With President-elect Donald Trump's promise to repeal Deferred Action for Childhood Arrivals, many educators across the country have stood up and promised to protect their students from deportation. But one Nevada college lecturer is making no such pledge, instead telling students he will call immigration authorities if he finds out they are in the country illegally.
Part-time math teacher George Buch at the University of Nevada, Las Vegas said on Facebook that he would alert Immigration and Customs Enforcement if he found that students in his class have entered the country illegally, according to the Las Vegas Review Journal.
He said that there are “no safe spaces in my classes" for students in the country illegally.
"I would have to turn you into ICE," Buch added.
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Currently, students who entered the country illegally as children are protected from deportation temporarily under DACA, an executive action taken by President Barack Obama in 2012. According to CNN, students can also receive renewable two-year work permits after graduation to extend their stay in the country.
Trump has already stated will overturn the DACA program, prompting educators to stand up and fight back. According to Inside Higher Education, more than 90 university presidents from around the nation have signed a statement committing themselves to protecting their students.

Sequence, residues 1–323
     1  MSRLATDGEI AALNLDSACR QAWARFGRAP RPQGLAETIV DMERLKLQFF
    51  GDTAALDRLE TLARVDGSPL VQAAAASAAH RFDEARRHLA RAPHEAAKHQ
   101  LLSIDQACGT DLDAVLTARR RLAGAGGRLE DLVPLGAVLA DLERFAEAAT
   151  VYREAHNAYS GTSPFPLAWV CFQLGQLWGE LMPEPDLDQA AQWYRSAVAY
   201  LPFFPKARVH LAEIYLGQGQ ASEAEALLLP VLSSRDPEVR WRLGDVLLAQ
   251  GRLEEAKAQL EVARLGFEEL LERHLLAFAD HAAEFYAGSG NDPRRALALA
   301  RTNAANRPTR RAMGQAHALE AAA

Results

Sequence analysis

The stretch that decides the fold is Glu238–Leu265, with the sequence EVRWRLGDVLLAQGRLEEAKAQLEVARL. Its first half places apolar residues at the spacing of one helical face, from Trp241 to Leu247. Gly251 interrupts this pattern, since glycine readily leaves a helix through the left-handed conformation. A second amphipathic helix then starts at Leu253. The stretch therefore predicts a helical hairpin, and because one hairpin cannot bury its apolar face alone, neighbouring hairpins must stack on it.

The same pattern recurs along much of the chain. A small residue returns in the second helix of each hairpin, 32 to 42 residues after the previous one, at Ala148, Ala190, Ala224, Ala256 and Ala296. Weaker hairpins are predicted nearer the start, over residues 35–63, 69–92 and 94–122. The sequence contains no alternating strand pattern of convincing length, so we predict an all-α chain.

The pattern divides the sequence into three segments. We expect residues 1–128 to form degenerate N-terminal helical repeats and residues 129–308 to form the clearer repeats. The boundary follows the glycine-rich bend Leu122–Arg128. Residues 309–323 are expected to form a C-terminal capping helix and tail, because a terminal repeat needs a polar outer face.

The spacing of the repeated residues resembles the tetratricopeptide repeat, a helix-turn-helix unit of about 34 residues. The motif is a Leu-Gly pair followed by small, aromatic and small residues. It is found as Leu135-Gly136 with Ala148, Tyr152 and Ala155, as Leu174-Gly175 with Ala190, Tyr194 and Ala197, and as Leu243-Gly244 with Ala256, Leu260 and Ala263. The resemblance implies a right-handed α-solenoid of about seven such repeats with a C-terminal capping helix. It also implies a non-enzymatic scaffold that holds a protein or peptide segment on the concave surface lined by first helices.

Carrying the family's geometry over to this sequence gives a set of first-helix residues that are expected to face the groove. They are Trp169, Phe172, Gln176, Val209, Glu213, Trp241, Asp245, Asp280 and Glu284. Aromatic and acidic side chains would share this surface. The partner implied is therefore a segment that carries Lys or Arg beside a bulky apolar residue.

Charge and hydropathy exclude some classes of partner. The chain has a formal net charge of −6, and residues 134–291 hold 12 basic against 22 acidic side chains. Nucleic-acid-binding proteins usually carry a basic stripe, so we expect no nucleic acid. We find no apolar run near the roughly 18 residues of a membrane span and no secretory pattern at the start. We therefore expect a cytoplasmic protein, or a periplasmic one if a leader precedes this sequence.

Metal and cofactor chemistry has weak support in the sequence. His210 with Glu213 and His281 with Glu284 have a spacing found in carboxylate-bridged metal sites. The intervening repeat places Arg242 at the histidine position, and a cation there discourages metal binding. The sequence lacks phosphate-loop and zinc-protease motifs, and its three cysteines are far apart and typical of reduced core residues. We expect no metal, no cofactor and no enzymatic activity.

"To our country’s leaders, we say that DACA should be upheld, continued and expanded," reads the statement, organized by Pomona College President David Oxtoby. "This is both a moral imperative and a national necessity. America needs talent -- and these students, who have been raised and educated in the United States, are already part of our national community. They represent what is best about America, and as scholars and leaders they are essential to the future."
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UNLV President Len Jessup was one of the 90 administrators to sign the letter according to the Las Vegas Review Journal, and Buch's comments appear to run contrary to the majority of the administration's stance on the issue.
The Consolidated Students of the University of Nevada has responded to Buch in a statement, writing it "will not tolerate behaviors that undermine our university community to damage the overall student experience."
“CSUN will continue to stand by any student that feels subject to a situation where they feel unsafe or uncomfortable, including any statements made by UNLV staff in-person or online," reads the statement. “We are committed to speaking out against discrimination and hate speech in order to advance the cause of equality for all students.”
Buch has since apologized for his comments and is currently under investigation by the UNLV Office of Compliance.
"I’m extremely sorry for the comments," Buch wrote in a statement. "I know how hurtful they are to many of you. It was intended to be a joke, although clearly a poor one. I have never, nor will I ever, create a classroom of hate or intolerance."